GOP whip Scalise cites Trump accuser's 'bizarre' CNN interview in doubting her account

Michael Isikoff
Chief Investigative Correspondent

House Minority Whip Steve Scalise questioned author E. Jean Carroll’s allegations that she was sexually assaulted by Donald Trump more than 23 years ago, citing what he called her “bizarre” interview with CNN anchor Anderson Cooper as a reason to doubt her.

“First of all, the president’s been very emphatic that it didn’t happen,” Scalise said in an interview for the Yahoo News podcast “Skullduggery” when asked whether he had any reason not to believe Carroll’s claims. He then brought up her CNN interview with Cooper, calling it “one of the most bizarre interviews I’ve ever seen. Anderson Cooper went to a commercial, because he didn’t even want her on the air anymore.”

Scalise was referring to an interview Carroll did this week with Cooper in which she seemed to dispute that she was a victim. “I was not thrown on the ground and ravished,” said Carroll, adding that she didn’t consider her encounter with Trump as rape because “I think most people think of rape as being sexy.” After she made the latter comment, Anderson cut to a commercial.

But Carroll’s allegations appeared to gain new credibility Thursday when the New York Times published interviews with two friends who – speaking on the record for the first time — confirmed that the advice columnist told them she had been assaulted by Trump at the time it is alleged to have occurred. “I remember her being very overwrought,” writer Lisa Birnbach, co-author of the 1980 bestseller “The Official Preppy Handbook,” said in an interview. “I remember her repeatedly saying, ‘He pulled down my tights, he pulled down my tights,’” Birnbach told the Times. When Carroll finished telling her what happened, Birnbach said she told Carroll, “I think he raped you.”

Scalise twice refused to answer questions about whether he was concerned about any of President Trump’s conduct detailed in special counsel Robert Mueller’s report, saying House Democrats in effect were wasting their time considering whether to impeach the president. Mueller, who is due to testify before the House judiciary and intelligence committees on July 17, cited 10 instances of potential obstruction of justice by Trump, including directing White House counsel Don McGahn to create a false document about the president’s efforts to fire Mueller and ordering a confidant, former campaign manager Corey Lewandowski, to tell Attorney General Jeff Sessions to curtail the investigation into the Trump campaign.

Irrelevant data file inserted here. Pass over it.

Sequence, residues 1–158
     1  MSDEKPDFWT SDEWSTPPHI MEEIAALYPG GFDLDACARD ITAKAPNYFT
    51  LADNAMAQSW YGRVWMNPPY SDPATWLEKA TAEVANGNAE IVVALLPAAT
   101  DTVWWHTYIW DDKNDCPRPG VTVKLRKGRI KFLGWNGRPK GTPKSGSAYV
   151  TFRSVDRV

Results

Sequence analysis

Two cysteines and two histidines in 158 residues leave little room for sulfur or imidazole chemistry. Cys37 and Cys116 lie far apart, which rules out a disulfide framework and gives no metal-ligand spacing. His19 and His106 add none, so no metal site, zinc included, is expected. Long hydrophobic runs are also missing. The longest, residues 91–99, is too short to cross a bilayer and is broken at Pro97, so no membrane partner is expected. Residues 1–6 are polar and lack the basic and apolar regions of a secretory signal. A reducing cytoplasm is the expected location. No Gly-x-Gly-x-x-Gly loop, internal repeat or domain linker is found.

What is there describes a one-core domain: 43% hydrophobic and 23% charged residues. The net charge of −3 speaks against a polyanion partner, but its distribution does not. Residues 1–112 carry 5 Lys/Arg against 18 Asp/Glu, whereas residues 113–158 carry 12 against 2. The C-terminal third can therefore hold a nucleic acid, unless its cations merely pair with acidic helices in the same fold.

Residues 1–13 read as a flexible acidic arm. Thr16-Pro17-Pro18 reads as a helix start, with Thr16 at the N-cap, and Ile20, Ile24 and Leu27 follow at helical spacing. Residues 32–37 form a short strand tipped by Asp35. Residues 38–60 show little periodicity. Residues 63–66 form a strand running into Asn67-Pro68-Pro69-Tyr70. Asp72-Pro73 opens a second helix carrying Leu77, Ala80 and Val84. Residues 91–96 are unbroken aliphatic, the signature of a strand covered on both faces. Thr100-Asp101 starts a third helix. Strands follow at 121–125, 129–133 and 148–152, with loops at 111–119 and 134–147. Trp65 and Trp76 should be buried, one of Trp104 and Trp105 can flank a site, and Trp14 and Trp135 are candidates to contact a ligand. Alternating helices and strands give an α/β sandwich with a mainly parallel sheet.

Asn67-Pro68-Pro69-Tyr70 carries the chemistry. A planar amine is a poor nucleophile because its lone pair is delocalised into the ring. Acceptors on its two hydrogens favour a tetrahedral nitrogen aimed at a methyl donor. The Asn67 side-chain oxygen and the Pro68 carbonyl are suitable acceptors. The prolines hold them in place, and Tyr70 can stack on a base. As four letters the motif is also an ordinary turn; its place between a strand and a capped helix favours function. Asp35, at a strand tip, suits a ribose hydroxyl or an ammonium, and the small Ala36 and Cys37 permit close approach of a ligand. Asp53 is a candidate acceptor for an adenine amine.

Steve Scalise (Yahoo News photo Illustration; photos: Bill Clark/CQ Roll Call/Getty Images)

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“Do you find any of that troubling?” Scalise was asked.

“What troubles me — if you’d like to know what troubles me — is there was no obstruction,” said Scalise. In fact, Mueller reached no conclusion as to whether the president committed an act of obstruction. “If we had confidence after a thorough investigation of the facts that the President clearly did not commit obstruction of justice, we would so state,” Mueller’s report said. “Based on the facts and the applicable legal standards, we are unable to reach that judgment.”

Scalise asserted that the Mueller investigation was begun by “some real, real bad actors within the FBI” who had a “partisan agenda.”

When pressed, Scalise acknowledged he had not actually read the full Mueller report. “I haven’t read the entire thing,” he said. But he argued that the special counsel “didn’t bring one single charge” against the president. “At some point, the American people are going to ask, ‘When are you going to move on to solving real problems?’

“The committee of jurisdiction of the Mueller report, right now, where they're doing all this impeachment drumbeat — that’s the same committee that has jurisdiction over the border crisis, and they haven't done anything about the border crisis because they're focusing on the Mueller report they thought was gonna yield some kind of collusion. There was no collusion. Why don't they move on?”

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